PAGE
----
Guaranteed Retirement Income -- Can Your 401(k) Do This?

NEW YORK (TheStreet) -- With the withering of pensions, Americans are hungry for a steady retirement income plan. Few 401(k) plans offer income-for-life options, so retirees have to implement their own asset draw-down strategy. That could be changing.

The much-maligned annuity may be making a comeback. Insurance companies that issue the products spread the investment risk over a large pool of investors, leveraging the fact that some annuity owners will die before others. But by opting for a guaranteed income, an owner forfeits withdrawal flexibility and often pays a good deal in fees. And the financial health of the insurance company backing the annuity must always be considered.

Still, "guaranteed retirement income for life" is a strong incentive for retirees, and annuities are once again gaining popularity. Sales are climbing -- not to the extent of their heyday back in the early 2000s -- but interest is rising significantly. One reason: Retirees are looking for pension-like payouts from 401(k) assets, and the government is pushing providers to offer just such a solution.

"It's the Department of Labor and the U.S. Treasury Department really pushing, emphasizing, blessing -- making it easier to have annuities inside of qualified plans, 401(k)s," said Dr. Moshe Milevsky, professor of finance at York University, speaking to Investment News during the Retirement Income Summit in Chicago earlier this month. "[But] there's a lot of shady products out there and shady characters and miss-selling -- people who purchased them who shouldn't have purchased them. And that has to be cleaned out. If the industry can't do it themselves, then the regulators will have to do it."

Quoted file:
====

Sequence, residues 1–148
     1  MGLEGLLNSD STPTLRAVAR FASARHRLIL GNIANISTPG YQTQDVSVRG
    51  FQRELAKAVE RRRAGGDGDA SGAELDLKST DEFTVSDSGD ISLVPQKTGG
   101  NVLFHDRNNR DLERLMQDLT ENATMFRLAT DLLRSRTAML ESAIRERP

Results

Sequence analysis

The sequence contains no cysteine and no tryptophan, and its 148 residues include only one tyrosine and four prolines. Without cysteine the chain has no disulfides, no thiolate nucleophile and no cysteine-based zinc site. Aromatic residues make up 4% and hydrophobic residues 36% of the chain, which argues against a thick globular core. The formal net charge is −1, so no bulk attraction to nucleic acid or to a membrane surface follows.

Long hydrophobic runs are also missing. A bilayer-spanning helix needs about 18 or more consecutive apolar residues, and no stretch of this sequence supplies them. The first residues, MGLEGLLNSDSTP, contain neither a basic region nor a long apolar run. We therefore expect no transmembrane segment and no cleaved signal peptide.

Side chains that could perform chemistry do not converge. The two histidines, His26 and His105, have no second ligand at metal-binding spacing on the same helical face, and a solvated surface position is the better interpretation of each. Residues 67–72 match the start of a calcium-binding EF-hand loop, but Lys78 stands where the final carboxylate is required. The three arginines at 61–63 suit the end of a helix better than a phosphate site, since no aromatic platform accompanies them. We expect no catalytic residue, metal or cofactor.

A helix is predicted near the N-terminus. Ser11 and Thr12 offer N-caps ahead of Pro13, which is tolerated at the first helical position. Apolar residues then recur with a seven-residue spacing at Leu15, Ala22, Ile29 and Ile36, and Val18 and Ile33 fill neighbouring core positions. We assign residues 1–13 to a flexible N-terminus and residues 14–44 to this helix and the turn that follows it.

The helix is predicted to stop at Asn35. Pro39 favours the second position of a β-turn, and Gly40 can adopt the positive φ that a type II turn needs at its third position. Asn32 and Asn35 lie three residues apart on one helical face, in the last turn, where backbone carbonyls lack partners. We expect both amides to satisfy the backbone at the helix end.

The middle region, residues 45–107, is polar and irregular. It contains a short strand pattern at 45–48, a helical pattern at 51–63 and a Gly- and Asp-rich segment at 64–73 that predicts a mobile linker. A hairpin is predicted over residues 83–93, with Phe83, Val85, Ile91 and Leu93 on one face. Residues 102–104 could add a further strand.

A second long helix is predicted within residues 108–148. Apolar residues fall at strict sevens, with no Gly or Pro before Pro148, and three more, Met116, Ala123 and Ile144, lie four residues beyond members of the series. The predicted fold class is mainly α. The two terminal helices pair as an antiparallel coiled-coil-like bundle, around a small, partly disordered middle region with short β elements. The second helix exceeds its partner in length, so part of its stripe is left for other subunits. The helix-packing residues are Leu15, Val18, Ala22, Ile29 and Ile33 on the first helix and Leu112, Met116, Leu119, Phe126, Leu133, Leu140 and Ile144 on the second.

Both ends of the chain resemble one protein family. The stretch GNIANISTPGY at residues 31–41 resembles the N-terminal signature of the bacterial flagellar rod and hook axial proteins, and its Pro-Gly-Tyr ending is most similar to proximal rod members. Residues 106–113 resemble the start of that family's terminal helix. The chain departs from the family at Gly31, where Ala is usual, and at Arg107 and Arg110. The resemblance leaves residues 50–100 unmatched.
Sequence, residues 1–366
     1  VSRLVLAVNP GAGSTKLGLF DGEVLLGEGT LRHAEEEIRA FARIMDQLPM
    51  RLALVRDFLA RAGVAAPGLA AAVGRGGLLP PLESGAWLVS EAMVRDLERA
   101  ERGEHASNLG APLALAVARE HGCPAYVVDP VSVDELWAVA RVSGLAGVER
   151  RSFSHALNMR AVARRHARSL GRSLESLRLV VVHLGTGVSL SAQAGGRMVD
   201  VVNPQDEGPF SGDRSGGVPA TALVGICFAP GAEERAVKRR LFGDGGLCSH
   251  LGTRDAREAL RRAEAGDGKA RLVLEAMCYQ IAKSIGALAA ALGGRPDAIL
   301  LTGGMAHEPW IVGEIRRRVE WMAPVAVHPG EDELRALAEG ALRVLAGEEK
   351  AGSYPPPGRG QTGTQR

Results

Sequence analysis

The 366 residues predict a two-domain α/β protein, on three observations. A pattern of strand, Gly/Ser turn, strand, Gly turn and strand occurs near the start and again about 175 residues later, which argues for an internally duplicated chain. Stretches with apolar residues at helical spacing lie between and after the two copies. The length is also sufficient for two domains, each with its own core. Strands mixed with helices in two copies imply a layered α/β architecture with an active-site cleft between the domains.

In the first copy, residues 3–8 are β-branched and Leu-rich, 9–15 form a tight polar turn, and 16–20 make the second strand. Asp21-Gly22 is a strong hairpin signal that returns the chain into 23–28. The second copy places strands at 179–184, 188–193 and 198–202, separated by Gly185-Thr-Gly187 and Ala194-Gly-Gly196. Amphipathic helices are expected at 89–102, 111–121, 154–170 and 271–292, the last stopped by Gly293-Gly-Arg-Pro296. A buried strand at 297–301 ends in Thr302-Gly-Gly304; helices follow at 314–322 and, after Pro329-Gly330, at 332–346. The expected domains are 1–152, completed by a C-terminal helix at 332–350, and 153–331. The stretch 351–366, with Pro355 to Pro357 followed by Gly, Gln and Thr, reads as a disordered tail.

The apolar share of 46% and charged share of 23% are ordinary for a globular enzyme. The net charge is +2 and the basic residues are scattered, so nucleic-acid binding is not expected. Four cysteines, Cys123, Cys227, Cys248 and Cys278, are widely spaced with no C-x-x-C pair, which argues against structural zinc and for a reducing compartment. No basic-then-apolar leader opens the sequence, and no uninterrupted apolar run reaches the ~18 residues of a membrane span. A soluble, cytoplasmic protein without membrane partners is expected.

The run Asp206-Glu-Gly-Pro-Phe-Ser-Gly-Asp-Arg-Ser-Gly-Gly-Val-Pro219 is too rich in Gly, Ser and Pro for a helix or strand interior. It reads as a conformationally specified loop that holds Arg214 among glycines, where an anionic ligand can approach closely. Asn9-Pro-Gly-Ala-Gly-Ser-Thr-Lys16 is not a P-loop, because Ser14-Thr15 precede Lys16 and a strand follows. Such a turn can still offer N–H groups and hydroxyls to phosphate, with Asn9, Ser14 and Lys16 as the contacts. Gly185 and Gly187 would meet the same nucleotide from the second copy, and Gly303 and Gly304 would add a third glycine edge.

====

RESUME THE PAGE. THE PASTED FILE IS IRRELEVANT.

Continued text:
Last October, the Treasury and the IRS issued guidance designed to expand the use of income annuities in 401(k) plans. Plan sponsors are encouraged to offer the option of an annuity payout as a component of target date fund investments.

"A target-date fund may include annuities allowing payments, beginning either immediately after retirement or at a later time, as part of its fixed income investments, even if the funds containing the annuities are limited to employees over a specified age," the Treasury said in a statement. “Instead of having to devote all of their account balance to annuities, employees use a portion of their savings to purchase guaranteed income for life while retaining other savings in other investments.”

So far, the idea has gained little traction. Among the concerns: Employers who sponsor 401(k) plans worry about their liability should a provider become financially unable to live up to their responsibility to provide the lifetime payments to participants.

Meanwhile, other “income for life” solutions are being floated. Earlier this month, Natixis Global Asset Management announced a “Retirement Spending Account” that seeks to “provide a realistic, steady annual income” to investors. It’s not an annuity, but a bit more like a target-date fund -- in reverse.

The investment begins with a conservative asset allocation, then ramps up risk for a period of time before scaling back again as the investor grows older.

“The allocation of higher-risk assets is low in early retirement to help limit volatility when withdrawals are just beginning,” said Edward Farrington, executive vice president of retirement at Natixis, in a product launch statement. “This is the time when an investor is most susceptible to a sequence of return risks, since a major market correction at the beginning of retirement could deplete a large percentage of the retirees’ total nest egg. The allocation to risk assets increases during mid-retirement to pursue potential returns to help protect against inflation and longevity risk, and then declines again late in retirement to preserve capital and prepare for transitioning assets to the next generation.”

The account is designed to provide a 4%-5% withdrawal rate, with an annual inflation adjustment. Unlike an annuity, the basket of mutual funds and ETFs allows additional withdrawals beyond the projected income stream.

With retirement savers clamoring for income security during their life after work, no doubt more investment providers will begin offering potential solutions. Knowing your options and making the right choice is always the hardest part.

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